“Saturated,” “medium-chain fatty acid,” “healthy versus unhealthy”—the list of terms attached to the fats in our food is extensive. So is the discussion. You might see a new report showing that a certain type of fat is good for you, followed closely by a different report insisting that same fat is dangerous. Confusing!
It’s not wobbly science. There’s just a lot of complexity in the chemistry of fat. New discoveries—and new questions—are surfacing all the time.
Unfortunately, that means keeping up can be pretty hard for the rest of us. But let’s take a shortcut around some of the complex questions concerning fat and skip to the “news you can use.”
Let’s start with a snapshot of the two broadest categories of dietary fat.
What: At room temperature, saturated fats tend to remain solid. They are found mostly in animal products such as meats, cheese, and lard. Coconut and palm oils are exceptions—they have lots of saturated fat but come from plants.
The good: Saturated fats tend to be more heat stable than some other fats, which makes them suitable for cooking. They are frequently the best choice for baking. They’re also among the fats our bodies process most easily.
The caveat: Saturated fats have been linked to cholesterol in the past, though more recent research finds no correlation. The old advice to avoid all saturated fats has been questioned. In fact, some nutrition professionals now advise that a sensible amount of saturated fat is a good idea—with emphasis, of course, on “sensible.” Fats of all kinds are extremely calorie dense.
Unsaturated fats (both mono- and poly-)
What: Unsaturated fats usually remain in liquid form. Common sources of unsaturated fat include nuts, fish, seeds, and certain fruits and vegetables.
The good: Unsaturated fats tend to be lightly flavored. One group, the monounsaturated fats, is also very easy for the body to use and is a good choice for replacing excess saturated fat—for example, you might pan-cook a chicken breast with olive oil (mostly monounsaturated) instead of butter (mostly saturated).
The caveat: Not all unsaturated fats are created equal. Buckle up, because here’s one of the areas where fats and oils get, well, slippery.
Raise your hand if you’ve heard a lot of recent buzz about omega-3 and omega-6 fatty acids. (My hand is up, too.) Our bodies can’t make these important compounds, so we have to eat them instead.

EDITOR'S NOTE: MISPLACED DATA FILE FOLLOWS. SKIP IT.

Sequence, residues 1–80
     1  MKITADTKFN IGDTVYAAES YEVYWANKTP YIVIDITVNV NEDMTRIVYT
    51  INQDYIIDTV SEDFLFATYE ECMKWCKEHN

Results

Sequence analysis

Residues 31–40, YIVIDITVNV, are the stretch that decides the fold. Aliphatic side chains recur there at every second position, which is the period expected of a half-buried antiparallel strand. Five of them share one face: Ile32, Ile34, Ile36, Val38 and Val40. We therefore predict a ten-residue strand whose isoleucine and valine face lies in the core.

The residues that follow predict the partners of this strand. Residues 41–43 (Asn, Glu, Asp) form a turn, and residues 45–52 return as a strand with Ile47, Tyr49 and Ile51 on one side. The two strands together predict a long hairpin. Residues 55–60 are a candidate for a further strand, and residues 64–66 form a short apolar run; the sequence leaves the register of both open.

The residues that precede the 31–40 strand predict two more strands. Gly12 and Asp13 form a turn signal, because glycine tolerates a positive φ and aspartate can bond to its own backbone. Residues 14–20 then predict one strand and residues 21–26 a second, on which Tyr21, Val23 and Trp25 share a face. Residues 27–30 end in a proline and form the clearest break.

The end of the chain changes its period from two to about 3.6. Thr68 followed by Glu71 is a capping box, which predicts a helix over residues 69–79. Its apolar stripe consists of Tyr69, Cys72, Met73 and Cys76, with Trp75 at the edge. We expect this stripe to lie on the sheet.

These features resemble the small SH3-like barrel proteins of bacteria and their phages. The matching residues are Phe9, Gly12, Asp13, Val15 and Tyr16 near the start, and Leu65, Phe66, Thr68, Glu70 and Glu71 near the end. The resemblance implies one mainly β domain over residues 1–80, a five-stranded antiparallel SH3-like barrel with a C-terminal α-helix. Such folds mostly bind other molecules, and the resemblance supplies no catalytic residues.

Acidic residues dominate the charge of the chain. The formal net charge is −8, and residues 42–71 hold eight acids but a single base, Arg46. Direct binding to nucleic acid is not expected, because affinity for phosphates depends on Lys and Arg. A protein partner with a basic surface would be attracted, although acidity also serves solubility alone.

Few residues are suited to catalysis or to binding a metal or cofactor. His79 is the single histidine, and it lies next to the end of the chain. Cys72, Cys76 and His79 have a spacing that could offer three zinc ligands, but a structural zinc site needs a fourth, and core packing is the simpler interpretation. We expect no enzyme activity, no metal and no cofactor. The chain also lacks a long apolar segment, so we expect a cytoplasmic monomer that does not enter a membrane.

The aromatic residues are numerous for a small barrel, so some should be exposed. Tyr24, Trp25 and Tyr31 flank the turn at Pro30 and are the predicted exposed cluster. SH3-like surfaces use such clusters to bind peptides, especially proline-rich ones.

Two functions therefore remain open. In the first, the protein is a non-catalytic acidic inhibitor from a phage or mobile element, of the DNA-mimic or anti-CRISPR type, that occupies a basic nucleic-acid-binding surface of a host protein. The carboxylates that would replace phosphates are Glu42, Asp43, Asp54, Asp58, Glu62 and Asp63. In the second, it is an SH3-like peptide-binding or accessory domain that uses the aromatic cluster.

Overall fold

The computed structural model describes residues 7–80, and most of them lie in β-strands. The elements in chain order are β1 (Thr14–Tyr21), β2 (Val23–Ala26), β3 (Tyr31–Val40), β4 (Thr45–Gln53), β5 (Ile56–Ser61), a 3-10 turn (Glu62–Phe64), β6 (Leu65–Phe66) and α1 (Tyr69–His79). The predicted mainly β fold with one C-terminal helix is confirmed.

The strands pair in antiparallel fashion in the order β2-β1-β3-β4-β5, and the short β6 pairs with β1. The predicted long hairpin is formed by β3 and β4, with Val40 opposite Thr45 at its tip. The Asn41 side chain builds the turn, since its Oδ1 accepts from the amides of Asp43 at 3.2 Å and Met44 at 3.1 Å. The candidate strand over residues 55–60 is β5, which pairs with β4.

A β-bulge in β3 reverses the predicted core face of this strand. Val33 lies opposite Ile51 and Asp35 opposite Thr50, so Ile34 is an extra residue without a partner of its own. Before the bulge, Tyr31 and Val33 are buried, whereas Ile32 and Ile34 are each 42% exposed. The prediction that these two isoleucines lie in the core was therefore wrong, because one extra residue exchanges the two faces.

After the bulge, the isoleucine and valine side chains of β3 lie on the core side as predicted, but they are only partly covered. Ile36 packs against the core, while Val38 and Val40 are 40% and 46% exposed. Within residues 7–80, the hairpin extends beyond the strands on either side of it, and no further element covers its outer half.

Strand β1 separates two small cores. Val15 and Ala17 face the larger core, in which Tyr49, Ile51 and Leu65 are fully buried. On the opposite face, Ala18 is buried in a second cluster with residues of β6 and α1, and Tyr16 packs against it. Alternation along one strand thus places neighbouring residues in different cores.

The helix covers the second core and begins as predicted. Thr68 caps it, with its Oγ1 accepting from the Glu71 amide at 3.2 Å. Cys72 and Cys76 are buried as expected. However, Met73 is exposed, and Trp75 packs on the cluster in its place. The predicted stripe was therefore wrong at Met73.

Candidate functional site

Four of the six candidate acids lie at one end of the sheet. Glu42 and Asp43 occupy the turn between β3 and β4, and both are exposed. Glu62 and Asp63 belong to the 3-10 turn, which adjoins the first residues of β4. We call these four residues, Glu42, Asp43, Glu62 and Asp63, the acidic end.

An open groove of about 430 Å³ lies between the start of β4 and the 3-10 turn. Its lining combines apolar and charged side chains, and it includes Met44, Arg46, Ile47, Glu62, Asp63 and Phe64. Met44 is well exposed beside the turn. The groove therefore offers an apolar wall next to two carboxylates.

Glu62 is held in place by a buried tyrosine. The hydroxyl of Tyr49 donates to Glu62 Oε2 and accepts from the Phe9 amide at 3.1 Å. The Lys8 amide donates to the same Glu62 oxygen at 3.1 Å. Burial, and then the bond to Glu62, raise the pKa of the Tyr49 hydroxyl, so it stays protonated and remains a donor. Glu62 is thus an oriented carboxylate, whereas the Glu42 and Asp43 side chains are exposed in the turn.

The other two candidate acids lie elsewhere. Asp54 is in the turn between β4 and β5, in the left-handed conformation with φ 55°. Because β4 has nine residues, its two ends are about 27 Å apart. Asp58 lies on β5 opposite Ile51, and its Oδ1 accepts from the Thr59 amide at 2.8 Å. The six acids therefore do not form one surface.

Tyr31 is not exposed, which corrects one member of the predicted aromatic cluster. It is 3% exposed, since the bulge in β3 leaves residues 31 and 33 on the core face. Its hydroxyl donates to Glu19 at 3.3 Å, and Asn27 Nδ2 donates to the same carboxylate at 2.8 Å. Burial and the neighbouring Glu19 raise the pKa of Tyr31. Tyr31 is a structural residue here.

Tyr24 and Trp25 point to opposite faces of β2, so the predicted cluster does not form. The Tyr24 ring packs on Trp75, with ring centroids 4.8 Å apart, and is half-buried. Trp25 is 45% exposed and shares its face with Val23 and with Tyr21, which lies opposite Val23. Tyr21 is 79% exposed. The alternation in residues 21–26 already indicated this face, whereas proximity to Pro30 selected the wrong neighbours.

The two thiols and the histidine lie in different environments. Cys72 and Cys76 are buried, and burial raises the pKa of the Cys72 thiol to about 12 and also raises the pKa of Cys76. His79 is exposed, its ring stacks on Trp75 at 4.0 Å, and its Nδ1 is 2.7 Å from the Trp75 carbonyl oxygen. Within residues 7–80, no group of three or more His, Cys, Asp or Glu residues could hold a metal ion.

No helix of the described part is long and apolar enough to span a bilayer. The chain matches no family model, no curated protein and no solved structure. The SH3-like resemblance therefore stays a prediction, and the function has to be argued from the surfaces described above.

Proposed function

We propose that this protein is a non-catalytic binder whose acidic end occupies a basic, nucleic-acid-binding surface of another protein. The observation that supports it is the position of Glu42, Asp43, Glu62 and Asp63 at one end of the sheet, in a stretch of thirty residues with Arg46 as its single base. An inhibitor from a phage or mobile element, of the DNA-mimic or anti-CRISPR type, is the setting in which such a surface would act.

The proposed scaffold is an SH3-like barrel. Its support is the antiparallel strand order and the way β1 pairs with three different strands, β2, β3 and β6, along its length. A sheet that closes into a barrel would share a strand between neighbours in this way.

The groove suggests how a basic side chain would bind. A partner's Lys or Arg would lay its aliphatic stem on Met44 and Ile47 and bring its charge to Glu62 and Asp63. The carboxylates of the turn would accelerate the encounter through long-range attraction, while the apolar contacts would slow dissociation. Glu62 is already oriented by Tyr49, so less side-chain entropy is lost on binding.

But thinking of them as a pair might be a mistake. We need far less omega-6 than we do omega-3. Moreover, omega-6 is in more foods, in greater amounts, so many of us get plenty to begin with.
Some authorities estimate the typical American consumes between six and 40 times the necessary amount of omega-6. It’s not just “too much fat.” Recent studies suggest that this omega-6 overload stimulates inflammation, which in turn can trigger problems that range from minor chronic pain to serious metabolic disorders.
Here are a few tips for putting a better balance of fats on your plate:
- Eat fish or shellfish in two or three meals per week. These foods provide excellent amounts of omega-3 fatty acids without piling on excess omega-6. Some of the best choices are salmon, mackerel, tuna, and herring. Other sources of omega-3s include sprouted radish; flax, hemp, or chia seeds; and walnuts. Enjoying a smoothie or salad? Add a little flaxseed oil for a quick, easy omega-3 boost.
- Read labels meaningfully. Total fat content isn’t as important as the fat breakdown—and if you see any trans fat, step away! “Trans” means that the fat’s chemical structure has been altered by processing. The result is an unnatural fat that not only packs empty calories but which studies show to be damaging.
- Choose the right fat for the job. Some fats change in scary ways when exposed to the heat of cooking. If you want an oil for your salad, smoothie, or any dish that’s raw or unheated, extra-virgin olive, flaxseed, or walnut oil are good choices. To grill, sauté, or bake, opt instead for olive oil of the ordinary variety—that is, NOT extra-virgin—or coconut oil.
Instead of “forbidden,” perhaps the new fat watchword should be “moderation.” So how do you determine where the line lies? One way is to realistically project how the food will make you feel before you eat it.
For example, imagine you swallowed two tablespoons of top-quality extra-virgin oil by itself. Congrats, you just got around 250 mostly healthy-fat calories. But—wink!—was it good for you? I’m guessing, no.
By comparison, you could toss just one tablespoon of that same oil with a bowl of fresh seasonal produce and herbs and get a dish that provides healthy fats as well as fiber, trace minerals, and vitamins. And best of all, you still get a terrific pleasure-punch of flavor that actually leaves you satisfied, without all those extra (empty) fat calories.
Yes, in fats as in other aspects of life, simply being mindful about options is a great starting point. Need more specific guidance? Call me at 212-686-0939. I would be happy to support you as you identify your path to healthier choices—and the reward of pain-free, elegant living that awaits!